Thirty-five patients, 19 male and 16 female, admitted to Hesperia Hospital (Helsinki City Hospital) in the acute phase of schizophrenia took part in the study. After complete description of the study to the subjects, written informed consent was obtained. The mean age of the male patients was 34 years (SD=9) and that of the female patients was 32 years (SD=11). For 20 patients it was the first admission, and they had not taken neuroleptic medication previously. The remaining 15 patients had been treated previously for at least one psychotic episode but had been drug free for more than 4 months before the current admission. The DSM-III-R diagnostic criteria were applied to confirm that the psychosis was of the schizophrenic type (schizophrenia or schizophreniform psychosis). Acute infections were excluded clinically and by routine laboratory infection markers in peripheral blood and CSF. The CSF-serum ratio for albumin was within reference limits in all subjects, thus excluding significant damage to the blood-brain barrier.

The reference population consisted of subjects previously examined for nonspecific neurological symptoms, such as headache and vertigo, at the Helsinki University Hospital, Department of Neurology. A total of 46 individuals, 21 male (mean age=33 years, SD=8) and 25 female (mean age=32 years, SD=9), were accepted as comparison subjects after a 2-year follow-up period with no evidence of inflammatory or CNS disease (30).

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Cytological Techniques

CSF samples were collected within a few days (mean=4, range=0–7) of hospital admission. Thirteen patients each gave a second sample after a few weeks of neuroleptic treatment. One milliliter of CSF was fixed in 1 ml of 96% ethanol, and the specimens were prepared by Millipore filtration (according to 1976 catalogue and purchasing guide from Millipore, Bedford, Mass.). In addition to the Millipore filtration method, cytocentrifuged (800 rpm for 8–10 minutes) CSF samples from patients were stained by the May-Gr�-Giemsa method and analyzed by light microscopy in order to observe detailed morphological features of the cells and to exclude samples with red blood cell (RBC) contamination; samples with more than 20 RBCs per high power (40×) field were rejected. The methodological details have been previously described (29, 31, 32).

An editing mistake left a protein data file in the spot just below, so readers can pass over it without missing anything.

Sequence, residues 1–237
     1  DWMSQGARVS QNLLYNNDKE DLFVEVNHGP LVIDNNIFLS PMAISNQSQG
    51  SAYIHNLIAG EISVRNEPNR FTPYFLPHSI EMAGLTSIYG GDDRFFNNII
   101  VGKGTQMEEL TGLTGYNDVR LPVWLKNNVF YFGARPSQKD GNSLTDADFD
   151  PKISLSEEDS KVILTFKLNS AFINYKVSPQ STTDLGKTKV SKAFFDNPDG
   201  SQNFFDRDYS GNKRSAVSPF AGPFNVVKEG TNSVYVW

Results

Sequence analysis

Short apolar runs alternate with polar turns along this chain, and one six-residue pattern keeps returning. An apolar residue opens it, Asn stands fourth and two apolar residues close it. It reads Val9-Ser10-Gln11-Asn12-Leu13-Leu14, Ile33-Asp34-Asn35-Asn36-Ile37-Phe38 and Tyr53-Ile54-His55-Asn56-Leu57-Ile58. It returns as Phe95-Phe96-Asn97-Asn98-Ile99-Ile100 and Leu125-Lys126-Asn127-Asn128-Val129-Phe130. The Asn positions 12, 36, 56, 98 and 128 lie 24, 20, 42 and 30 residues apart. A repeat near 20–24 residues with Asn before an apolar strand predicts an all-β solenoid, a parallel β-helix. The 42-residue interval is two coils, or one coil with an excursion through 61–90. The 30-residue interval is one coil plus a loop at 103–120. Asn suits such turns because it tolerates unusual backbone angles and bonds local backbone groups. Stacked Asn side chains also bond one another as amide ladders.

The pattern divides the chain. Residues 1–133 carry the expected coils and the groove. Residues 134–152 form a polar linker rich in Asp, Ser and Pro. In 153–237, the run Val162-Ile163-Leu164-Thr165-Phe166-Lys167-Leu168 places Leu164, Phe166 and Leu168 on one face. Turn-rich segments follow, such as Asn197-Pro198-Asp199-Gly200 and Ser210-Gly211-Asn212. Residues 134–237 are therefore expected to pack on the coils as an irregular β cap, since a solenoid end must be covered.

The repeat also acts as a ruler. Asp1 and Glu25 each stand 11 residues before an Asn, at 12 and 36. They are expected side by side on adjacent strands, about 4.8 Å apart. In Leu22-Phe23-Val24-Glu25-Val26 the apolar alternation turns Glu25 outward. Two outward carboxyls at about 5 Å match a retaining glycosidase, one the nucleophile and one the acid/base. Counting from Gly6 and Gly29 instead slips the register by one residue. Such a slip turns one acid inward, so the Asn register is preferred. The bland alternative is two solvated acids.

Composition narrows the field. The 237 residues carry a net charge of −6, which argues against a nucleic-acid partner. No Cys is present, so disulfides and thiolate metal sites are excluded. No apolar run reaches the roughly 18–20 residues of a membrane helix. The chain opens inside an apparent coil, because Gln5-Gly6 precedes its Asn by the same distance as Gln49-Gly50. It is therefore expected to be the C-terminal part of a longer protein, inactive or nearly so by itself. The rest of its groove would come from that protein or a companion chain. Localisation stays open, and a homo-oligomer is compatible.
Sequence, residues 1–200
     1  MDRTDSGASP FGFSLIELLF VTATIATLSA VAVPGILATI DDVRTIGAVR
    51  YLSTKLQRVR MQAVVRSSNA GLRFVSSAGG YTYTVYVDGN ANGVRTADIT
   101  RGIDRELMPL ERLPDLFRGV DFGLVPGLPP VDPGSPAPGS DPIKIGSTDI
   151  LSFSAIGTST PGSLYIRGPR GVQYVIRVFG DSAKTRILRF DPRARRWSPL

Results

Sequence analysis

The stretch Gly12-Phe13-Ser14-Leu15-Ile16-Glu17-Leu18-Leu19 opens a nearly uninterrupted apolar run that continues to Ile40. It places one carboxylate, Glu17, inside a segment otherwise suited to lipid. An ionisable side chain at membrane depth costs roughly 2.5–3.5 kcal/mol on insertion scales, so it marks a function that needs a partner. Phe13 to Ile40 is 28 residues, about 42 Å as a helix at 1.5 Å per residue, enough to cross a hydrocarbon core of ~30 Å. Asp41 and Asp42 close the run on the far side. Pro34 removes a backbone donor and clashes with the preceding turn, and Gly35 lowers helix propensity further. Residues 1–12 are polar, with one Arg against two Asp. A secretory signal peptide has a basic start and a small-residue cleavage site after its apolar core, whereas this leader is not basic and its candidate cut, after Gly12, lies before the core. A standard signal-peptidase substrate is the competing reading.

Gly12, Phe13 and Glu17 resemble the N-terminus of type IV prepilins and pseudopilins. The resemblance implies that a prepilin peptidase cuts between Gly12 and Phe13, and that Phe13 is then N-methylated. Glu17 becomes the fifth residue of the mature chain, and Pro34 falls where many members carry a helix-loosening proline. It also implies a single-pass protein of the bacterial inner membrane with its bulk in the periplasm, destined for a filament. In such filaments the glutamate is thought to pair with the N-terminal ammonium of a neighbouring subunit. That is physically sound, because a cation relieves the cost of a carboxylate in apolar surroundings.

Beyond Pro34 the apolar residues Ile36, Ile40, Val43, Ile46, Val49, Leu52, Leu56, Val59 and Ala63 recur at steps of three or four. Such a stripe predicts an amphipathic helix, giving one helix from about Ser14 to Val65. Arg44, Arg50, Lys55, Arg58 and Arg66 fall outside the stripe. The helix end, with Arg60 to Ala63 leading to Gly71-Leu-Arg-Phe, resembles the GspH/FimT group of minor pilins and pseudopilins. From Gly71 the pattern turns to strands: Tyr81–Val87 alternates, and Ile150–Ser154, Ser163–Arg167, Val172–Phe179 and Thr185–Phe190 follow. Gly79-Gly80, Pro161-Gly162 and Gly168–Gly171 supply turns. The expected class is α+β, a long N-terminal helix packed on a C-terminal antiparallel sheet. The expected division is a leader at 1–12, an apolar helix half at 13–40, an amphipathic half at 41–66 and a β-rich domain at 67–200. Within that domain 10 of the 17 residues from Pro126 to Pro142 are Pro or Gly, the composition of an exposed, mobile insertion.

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Statistical Methods

The Mann-Whitney U test was used to study differences in the total cell count and lymphocyte/macrophage distributions between the patient and comparison groups. The Wilcoxon matched pairs test was the statistical method applied to compare the patients’ CSF cytology before and after treatment. F tests were performed by using rank transforms and analysis of variance (ANOVA).

Cytological examination of the CSF from the 35 psychotic patients revealed that they had a significantly higher proportion of cells morphologically classified as mononuclear phagocytes/macrophages than was present in the CSF of the comparison subjects (F=47.34, df=1, 79, p<0.0001). The total CSF cell count was not, however, significantly higher in the patient group.

The cytological details of the phagocytes frequently included a kidney-shaped or lobulated nucleus and a voluminous cytoplasm with numerous small vacuoles. Overt lipophages with larger cytoplasmic vacuoles, typically seen in the CSF after acute brain injuries, for instance, were rarely seen (F1).

A tendency toward normalization of the cytological picture (i.e., decrease in the proportion of macro­phages) was observed in the CSF of the 13 psychotic patients who took part in the follow-up section of the study (Wilcoxon matched pairs test, rank transforms, and repeated measures ANOVA: F=7.83, df=1, 12, p<0.05) after a few weeks of treatment with typical neuroleptics (F2).